Preposition Errors in the Qur'an

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A preposition links nouns, pronouns and phrases to other words in a sentence. The word or phrase that the preposition introduces is called the object of the preposition. A preposition usually indicates the temporal, spatial or logical relationship of its object to the rest of the sentence as in the following examples:

  • The book is on the table.
  • The book is beneath the table.
  • The book is leaning against the table.
  • The book is beside the table.
  • She held the book over the table.
  • She read the book during class.

In each of the preceding sentences, a preposition locates the noun "book" in space or in time.[1]

Propositional (Symbolic) Logic

Propositional (symbolic) logic is a statement that affirms or denies something using formal symbolic language. The affirmation is often an inference of a fact based on pre-existing prepositions (assumptions).

The most common symbols used are:

  • Conjunctive symbol: and
  • Disjunctive symbol: or
  • Implication symbol: then

Predicate (Prepositional) Logic

Predicate (prepositional) logic is a subset of propositional logic. When you make an assumption (a predicate or a preposition) and infer new predicates out of existing predicates.

  • If one says: "Take the orange and the apple", it means take both the apple and the orange.
  • If one says: "Take the orange or the apple", it means take one or the other or both.
  • If one says: "Take the orange then the apple", it means take both, but take the orange first, or take the apple last.

Propositional Logic and Qur'an 4:3

How does the Quran handle predicates? If it is the grammatically perfect miracle that apologists claim, then it should have no logic errors within it.

Transliteration: "fainkihoo ma taba lakum mina alnnisa-i mathna wathulatha warubaAAa"

Yusuf Ali: .. marry women of your choice, Two or three or four;..

Pickthal: .. marry of the women, who seem good to you, two or three or four;

Shakir: .. marry such women as seem good to you, two and three and four;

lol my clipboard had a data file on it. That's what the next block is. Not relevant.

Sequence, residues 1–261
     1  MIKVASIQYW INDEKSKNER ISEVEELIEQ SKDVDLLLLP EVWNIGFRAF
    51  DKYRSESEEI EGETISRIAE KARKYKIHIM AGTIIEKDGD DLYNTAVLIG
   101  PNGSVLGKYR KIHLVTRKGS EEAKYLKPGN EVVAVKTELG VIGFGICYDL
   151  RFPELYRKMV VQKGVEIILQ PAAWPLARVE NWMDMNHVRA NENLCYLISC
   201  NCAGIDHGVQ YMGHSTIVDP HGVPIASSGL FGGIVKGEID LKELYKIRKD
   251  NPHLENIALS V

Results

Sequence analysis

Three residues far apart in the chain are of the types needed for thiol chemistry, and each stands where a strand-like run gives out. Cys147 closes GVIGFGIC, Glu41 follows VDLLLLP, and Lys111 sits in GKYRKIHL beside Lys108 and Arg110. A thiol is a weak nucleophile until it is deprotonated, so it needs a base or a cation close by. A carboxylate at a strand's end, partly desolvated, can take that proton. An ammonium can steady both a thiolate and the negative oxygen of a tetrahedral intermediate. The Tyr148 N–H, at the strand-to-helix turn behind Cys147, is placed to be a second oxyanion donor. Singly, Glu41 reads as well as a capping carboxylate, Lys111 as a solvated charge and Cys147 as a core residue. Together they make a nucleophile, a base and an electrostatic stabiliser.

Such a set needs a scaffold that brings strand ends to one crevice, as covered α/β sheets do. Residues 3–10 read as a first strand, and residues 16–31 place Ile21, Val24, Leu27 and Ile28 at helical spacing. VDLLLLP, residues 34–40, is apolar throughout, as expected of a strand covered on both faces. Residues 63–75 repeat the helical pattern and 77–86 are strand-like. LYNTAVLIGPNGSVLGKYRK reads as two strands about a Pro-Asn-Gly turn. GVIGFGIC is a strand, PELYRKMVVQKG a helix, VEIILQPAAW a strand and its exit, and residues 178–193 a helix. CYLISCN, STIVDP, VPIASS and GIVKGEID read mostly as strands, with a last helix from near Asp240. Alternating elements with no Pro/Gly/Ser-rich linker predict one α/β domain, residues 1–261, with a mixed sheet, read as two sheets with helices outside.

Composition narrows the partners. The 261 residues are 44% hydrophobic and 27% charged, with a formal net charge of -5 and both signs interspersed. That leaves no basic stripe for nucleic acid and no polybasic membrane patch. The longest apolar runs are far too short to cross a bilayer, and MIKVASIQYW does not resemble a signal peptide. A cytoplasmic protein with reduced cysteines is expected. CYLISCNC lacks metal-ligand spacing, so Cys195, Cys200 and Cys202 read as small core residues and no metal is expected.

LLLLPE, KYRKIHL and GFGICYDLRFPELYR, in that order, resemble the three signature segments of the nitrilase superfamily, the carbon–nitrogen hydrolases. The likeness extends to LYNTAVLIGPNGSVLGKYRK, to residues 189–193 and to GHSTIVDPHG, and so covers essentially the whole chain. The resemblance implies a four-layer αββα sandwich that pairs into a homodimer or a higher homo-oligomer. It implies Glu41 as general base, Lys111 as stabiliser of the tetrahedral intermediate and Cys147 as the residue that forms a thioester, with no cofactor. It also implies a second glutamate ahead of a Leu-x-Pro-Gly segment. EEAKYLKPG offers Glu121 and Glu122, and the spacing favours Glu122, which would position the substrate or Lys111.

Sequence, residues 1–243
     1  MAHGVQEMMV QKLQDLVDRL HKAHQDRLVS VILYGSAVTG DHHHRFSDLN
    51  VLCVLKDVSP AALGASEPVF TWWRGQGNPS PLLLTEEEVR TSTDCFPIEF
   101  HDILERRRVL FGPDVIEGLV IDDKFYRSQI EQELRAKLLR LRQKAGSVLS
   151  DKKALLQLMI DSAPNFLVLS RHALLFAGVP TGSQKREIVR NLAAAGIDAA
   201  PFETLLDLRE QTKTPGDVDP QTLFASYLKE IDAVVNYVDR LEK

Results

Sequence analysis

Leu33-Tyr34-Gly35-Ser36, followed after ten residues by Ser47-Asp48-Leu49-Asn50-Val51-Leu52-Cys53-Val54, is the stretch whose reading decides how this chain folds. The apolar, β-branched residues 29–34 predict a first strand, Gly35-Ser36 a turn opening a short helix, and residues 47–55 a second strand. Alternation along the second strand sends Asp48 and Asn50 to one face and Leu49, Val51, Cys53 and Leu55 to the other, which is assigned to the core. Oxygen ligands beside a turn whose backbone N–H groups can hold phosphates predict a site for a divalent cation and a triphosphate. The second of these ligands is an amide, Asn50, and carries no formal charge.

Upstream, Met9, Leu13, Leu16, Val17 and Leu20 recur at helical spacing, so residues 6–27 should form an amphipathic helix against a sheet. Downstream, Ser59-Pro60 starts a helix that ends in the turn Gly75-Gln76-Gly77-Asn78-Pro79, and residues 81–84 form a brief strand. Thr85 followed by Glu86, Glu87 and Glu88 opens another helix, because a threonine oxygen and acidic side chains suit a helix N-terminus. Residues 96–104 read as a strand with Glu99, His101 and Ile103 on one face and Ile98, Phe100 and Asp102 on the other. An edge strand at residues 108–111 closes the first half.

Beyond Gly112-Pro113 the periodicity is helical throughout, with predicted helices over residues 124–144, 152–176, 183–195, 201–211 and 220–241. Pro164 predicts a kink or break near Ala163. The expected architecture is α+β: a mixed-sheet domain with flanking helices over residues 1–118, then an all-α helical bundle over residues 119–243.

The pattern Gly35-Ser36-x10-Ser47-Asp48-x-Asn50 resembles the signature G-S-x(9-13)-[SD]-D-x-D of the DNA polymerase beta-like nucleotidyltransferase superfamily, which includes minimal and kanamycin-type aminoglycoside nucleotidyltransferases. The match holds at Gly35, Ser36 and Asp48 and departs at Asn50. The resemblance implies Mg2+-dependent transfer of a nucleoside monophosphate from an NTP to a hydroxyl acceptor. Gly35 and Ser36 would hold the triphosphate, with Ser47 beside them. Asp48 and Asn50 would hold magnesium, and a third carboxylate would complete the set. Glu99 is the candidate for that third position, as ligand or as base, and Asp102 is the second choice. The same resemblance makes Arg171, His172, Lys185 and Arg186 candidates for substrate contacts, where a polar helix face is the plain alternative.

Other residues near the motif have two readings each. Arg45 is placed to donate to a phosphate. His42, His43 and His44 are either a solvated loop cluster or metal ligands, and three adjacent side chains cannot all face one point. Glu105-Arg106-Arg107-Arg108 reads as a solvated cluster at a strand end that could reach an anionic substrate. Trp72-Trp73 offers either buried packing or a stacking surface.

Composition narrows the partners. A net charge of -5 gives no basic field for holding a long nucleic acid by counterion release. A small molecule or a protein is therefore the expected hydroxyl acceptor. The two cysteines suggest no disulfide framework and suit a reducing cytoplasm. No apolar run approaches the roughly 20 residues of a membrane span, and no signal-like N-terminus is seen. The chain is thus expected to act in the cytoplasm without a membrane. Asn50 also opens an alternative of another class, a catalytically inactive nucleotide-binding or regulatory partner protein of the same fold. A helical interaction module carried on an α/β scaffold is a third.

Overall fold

• Yusuf Ali and Pikthal are both using "or". Shakir is using "and".
  • The Arabic version is using "and" (the transliteration of 4:3 is using the conjuntive symbol wa (and)).
  • Thus this verse is telling men that they can marry two and three and four women. The total happens to be nine women, whereas Islamic law allows maximum four.
  • A grammatically correct verse should be using the disjunctive symbol aw (or); "Marry two or three or four."
  • If one were to re-write 4:3 and correct the logic mistake, then the Qur'anic challenge to write a 'better verse' would be met.


  • It is a common occurrence to find propositional errors in the writing of humans
  • but the Qur'an should contain no such errors.

These types of errors can be readily used against the perfection of the Qur'an.

  • They can be used against anyone challenging others to present a better verse.
  • This is a major problem that apologists face. They claim the Qur'an is exactly the same as the day it was revealed; every sentence, every letter. Because of this, the grammatical and factual errors of the Arabic Qur'an cannot be ignored.
  • English translators can correct the Qur'an author's mistakes, but the original Arabic remains; disproving the claim of a "perfect Revelation".

See Also

  • Misinterpreted Verses - A hub page that leads to other articles related to Misinterpreted Verses
  • Polygamy - A hub page that leads to other articles related to Polygamy


  1. Heather MacFadyen, "What is a Preposition?", University of Ottawa, accessed January 7, 2014 (archived),